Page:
But perhaps Lewis's most famous Christian-influenced fiction was his seven part series, The Chronicles of Narnia. The work was inspired in part by Lewis's real stint as a host for young English refugees. Fleeing Nazi bombing raids on their city, a group of children spent a long period at his home, The Kilns, and one in particular liked to pretend about a wardrobe having a secret back entrance. Lewis was charmed by the idea, which also called to mind the magic wardrobe in Edith Nesbit's The Aunt and Anabel, a tale he'd loved as a boy. In Lewis's iteration the wardrobe evolved into a magic portal to the land of Narnia, where four refugee children learn compassion, courage, faith, and loyalty as they battle the White Witch and befriend a Christ-like lion named Aslan.

Ironically, when Lewis shared his ideas for The Lion, the Witch, and the Wardrobe (1950) with his good friend and fellow fantasy author J. R. R. Tolkien, that author didn't think much of the tale. He considered the book overloaded with heavy-handed Christian ideology and by too many conflicting elements -- talking animals, witches, and children, all in one book. Ironically, many of the elements that Tolkien predicted would leave people confused and overwhelmed eventually endeared the work to them. More than fifty years after its original publication, the Narnia series continues to be a immensely popular, with children and adults alike.

But passionate differences of opinion were part of the ongoing texture of Tolkien and Lewis's friendship, and becoming at times a tricky shoal to navigate. In fact, when Lewis was finally married, to divorcee Joy Davidman Gresham in 1956, he did not mention the development to Tolkien who, as a Catholic, strongly opposed divorce. Lewis also downplayed the development to himself: tacitly it was a marriage of convenience, to keep Gresham and her young sons from being expelled from the country.

The pair had originally met after a correspondence initiated by Gresham in 1950. Raised a Jew, she had been an atheist before reading Lewis's works and became converted largely on the strength of their arguments. She naturally became a huge fan and wrote to him, initiating a lengthy and joyful relationship of correspondence. They met face to face in 1952, when she traveled to England, and became even better friends. After Joy's alcoholic husband abandoned her for another woman, she and her boys moved to England. Lewis later invited them to move in while Joy fought what turned out to be the onset of cancer. As deportation loomed, the pair entered into marriage with a simple civil ceremony.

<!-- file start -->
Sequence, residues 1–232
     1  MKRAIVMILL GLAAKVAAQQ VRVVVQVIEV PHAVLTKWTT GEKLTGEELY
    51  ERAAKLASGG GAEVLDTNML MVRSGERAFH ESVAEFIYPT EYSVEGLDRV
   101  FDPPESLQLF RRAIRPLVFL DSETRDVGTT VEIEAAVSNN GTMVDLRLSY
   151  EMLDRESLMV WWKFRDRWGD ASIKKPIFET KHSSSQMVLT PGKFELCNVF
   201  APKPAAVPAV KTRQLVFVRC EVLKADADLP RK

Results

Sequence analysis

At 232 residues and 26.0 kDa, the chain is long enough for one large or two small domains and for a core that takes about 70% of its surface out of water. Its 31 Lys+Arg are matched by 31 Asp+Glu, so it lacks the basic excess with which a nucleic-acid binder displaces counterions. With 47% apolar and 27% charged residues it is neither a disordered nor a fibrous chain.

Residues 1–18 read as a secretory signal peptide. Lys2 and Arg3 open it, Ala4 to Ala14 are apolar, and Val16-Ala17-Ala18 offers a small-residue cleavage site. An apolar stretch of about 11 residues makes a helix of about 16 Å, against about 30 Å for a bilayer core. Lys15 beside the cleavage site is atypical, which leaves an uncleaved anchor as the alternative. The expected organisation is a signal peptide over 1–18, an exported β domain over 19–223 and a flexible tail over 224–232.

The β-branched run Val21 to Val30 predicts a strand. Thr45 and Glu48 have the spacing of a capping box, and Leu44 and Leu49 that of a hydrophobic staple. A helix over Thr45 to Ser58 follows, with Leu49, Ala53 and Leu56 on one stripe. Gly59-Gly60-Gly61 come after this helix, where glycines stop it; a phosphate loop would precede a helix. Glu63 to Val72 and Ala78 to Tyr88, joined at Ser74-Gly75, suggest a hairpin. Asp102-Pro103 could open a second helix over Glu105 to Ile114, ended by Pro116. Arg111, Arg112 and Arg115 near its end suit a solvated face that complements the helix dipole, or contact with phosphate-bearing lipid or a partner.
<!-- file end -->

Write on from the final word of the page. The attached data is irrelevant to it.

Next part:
But the various forces threatening to take Joy's company from him made Lewis realize how deeply he cared for her, and in 1957 they remarried, this time with a religious ceremony. After a brief remission of the cancer, Joy died in 1960. A dramatization of their relationship appears in Shadowlands, starring Anthony Hopkins and Debra Winger, which first appeared on HBO in 1993. Their relationship also forms the subject of Brian Sibley's C. S. Lewis through the Shadowlands: The True Story of His Life with Joy Davidman and Douglas Gresham's Lenten Lands, the story as experienced by Joy's youngest son. Lewis's own reflections on the loss of his wife appear in A Grief Observed, published in 1961 under the pseudonym N. W. Clerk. Therein he reveals his private struggles with grief and with his understanding of God, and he suggests that such profound loss was an opportunity for him to explore the structure of his own faith and perception, to find them wanting, and arrive at a more genuine understanding.

Despite his fruitful efforts to make peace with Joy's passing, Lewis's health continued to deteriorate after Joy's death. In the summer of 1963 he resigned his position at Cambridge, dying quietly at home on 22 November. Despite his fame, only a brief obituary appeared in the newspaper, the event being overshadowed by the assassination of U.S. President John F. Kennedy that same day. Author Aldous Huxley also died on that day, and Peter Kreeft's Between Heaven and Hell: A Dialog Somewhere Beyond Death with John F. Kennedy, C. S. Lewis & Aldous Huxley uses the coincidence to contrast the differences in beliefs and personality between the three notables. Over the years dozens of books have been published about Lewis's life and works, of varying levels of scholarship. His own impressions are captured in his early autobiography Surprised by Joy: The Shape of My Early Life (1955). His early years can also be sampled in All My Road Before Me: The Diary of C. S. Lewis 1922-27 (1993).

Father: Albert James Lewis (lawyer, d. 24-Sep-1929)
Mother: Flora Augusta Hamilton Lewis (d. 23-Aug-1908 cancer)
Brother: Warren Hamilton Lewis (b. 16-Jun-1895)
Girlfriend: Janie King Moore (unproven)
Wife: Joy Davidman Gresham (m. 23-Apr-1956, d. Jul-1960 bone cancer)
Son: Douglas Gresham (stepson)
Son: David Gresham (stepson)

    High School: Cherbourg School, Malvern, England
    University: Greek and Latin Literature, University College, Oxford University (1925)
    Professor: English, Magdalen College, Oxford University (1925-54)
    Professor: Medieval and Renaissance Literature, Magdalene College, Cambridge University (1955-63)

    Shrapnel Injury (15-Apr-1917)
    Converted to Christianity 1931
    Welsh Ancestry
    Risk Factors: Smoking

Author of books:
The Pilgrim's Regress (1933)
The Allegory of Love (1936)
Out of the Silent Planet (1938)
The Screwtape Letters (1942, epistolary novel)
Mere Christianity (1943)
The Lion, the Witch, and the Wardrobe (1950, first Narnia book written)
The Last Battle (1956, seventh and final Narnia book)